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They say Tehran has more than eight million permanent residents. They say it is the nineteenth most populated city in the world. These are the official statistics. Millions more live in grinding poverty in the shantytowns and cardboard houses that sprout like mushrooms in the southern and northern outreaches of the city. To walk about their dark streets and alleys is to travel the world of Oliver Twist , with one big difference: the gift of modern medicine.
On these streets, “vendors” pass out hand-written notes such as, “kidneys for sale; young; urgent; financial need; call this number.” There is a vibrant market for human organs. What transpires in these neighborhoods is not life, but a struggle, by every means imaginable, to stymie death. The leaders of the revolution had promised us an end to the infamy of such neighborhoods. You shall never see them again, they said.
Elsewhere, a different world exists. A tiny percentage of Tehran’s population inhabits this world of newly built mansions, all glitz but no beauty. The residents hold lavish parties and travel the globe for vacation. In spite of their plentiful comforts, their inner lives are as constricted as those of their impoverished neighbors.
Last June yet another Tehran was born when a million Iranians participated in a silent demonstration. They are Tehran’s middle classes: college-educated, anxious for a better future, keen on nonviolent change, angry at lies and at wars, even angrier at bombs. They wish for friendship with the world. How do these men and women of Tehran live?
In spite, or perhaps because, of a serious economic crisis and constant fear for their jobs, they work hard. Getting a university education is a moral imperative; invariably they spend a disproportionate share of their incomes learning a foreign language, accessing the Internet, buying books, or improving their physical fitness. They shop for groceries with a frugal eye; boutiques and hair salons are off-limits. They celebrate modestly the birthdays of family and friends. The real goal, they know, is simply to get together, consult one another, exchange information about upcoming events or news of favorite social sites. They talk about the nonfiction books they have read or the novel by their new favorite woman writer. They exchange addresses of a new music school or therapist. They make plans for a yoga class or a hike in the mountains.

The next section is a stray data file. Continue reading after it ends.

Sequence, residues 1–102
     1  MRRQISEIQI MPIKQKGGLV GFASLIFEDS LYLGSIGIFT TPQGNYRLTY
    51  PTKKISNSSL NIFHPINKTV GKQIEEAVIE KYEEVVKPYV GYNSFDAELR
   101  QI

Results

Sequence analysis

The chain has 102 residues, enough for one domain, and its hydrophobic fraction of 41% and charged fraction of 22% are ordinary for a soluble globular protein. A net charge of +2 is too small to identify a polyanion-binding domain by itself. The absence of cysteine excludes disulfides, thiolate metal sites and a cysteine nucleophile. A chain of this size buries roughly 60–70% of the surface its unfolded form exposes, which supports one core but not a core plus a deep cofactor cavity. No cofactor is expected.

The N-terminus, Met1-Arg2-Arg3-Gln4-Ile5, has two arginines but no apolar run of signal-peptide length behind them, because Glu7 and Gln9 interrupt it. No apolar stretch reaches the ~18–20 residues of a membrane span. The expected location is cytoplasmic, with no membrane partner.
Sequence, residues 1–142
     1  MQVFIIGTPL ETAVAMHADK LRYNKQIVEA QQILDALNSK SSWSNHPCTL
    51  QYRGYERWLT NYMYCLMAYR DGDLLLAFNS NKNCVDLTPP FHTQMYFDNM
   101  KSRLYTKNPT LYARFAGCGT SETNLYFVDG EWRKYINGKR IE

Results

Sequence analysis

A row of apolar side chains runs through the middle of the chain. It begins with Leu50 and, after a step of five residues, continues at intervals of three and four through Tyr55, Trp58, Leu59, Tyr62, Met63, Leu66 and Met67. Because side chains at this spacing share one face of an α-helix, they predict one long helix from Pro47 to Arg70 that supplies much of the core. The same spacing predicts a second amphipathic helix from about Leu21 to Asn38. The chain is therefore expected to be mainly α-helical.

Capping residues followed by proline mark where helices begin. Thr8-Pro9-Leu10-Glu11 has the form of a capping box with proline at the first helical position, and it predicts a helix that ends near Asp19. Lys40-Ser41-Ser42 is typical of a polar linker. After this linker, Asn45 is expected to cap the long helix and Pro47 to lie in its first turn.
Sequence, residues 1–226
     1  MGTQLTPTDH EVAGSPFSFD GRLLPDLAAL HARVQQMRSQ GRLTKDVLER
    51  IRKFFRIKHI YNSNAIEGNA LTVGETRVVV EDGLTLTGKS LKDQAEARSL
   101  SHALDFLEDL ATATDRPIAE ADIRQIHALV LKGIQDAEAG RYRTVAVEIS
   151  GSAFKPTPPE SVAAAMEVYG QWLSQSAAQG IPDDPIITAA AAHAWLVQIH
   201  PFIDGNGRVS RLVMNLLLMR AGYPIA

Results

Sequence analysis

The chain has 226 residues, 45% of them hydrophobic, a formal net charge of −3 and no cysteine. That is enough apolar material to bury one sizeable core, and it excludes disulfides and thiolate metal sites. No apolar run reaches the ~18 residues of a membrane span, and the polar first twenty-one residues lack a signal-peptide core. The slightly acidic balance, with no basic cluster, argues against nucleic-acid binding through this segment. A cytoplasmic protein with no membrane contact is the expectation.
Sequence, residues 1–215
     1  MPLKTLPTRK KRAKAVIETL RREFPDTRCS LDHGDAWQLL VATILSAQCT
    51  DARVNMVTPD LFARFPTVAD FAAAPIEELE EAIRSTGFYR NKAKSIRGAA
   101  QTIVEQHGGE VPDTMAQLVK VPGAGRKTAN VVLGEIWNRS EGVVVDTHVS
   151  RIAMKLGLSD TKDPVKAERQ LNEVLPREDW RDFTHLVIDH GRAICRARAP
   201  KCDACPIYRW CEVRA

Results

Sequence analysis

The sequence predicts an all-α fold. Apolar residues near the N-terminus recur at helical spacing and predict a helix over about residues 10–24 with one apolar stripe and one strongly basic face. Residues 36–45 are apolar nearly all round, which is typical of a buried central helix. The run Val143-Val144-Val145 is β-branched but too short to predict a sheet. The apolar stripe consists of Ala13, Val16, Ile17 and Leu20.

This Tehran is connected through an invisible but sturdy green thread. And in this women play a crucial role. They weave and they weave and turn this place that is, in their oft-repeated phrase, a city occupied by “bloody, brutal invaders” into a habitable space. They seek a new Iran and a government that exists amicably with the rest of the world, without a nuclear bomb, laws of retribution, and a tradition of revenge.
This green Tehran is like and unlike any other big city in the world. This Tehran has seen the infamous Kahrizak prison, where those who protested their stolen votes were killed, and it has wept blood. In this Tehran, nothing is as before, or will be again. We live in a post-Kahrizak Tehran. At every moment the air is filled with the echoes of that beloved’s voice crying out, “we strive for only one goal: peace with ourselves, peace with the world.”
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Reflecting on three monumental works of modernism—James Joyce’s Ulysses, T. S. Eliot’s The Waste Land, and Ludwig Wittgenstein’s Tractatus Logico-Philosophicus—a hundred years on.
Both regulators and employers have embraced new technologies for on-the-job monitoring, turning a blind eye to unjust working conditions.
But I do miss the hymns, / the small, hard apples with their dimpled skin. I do miss / things.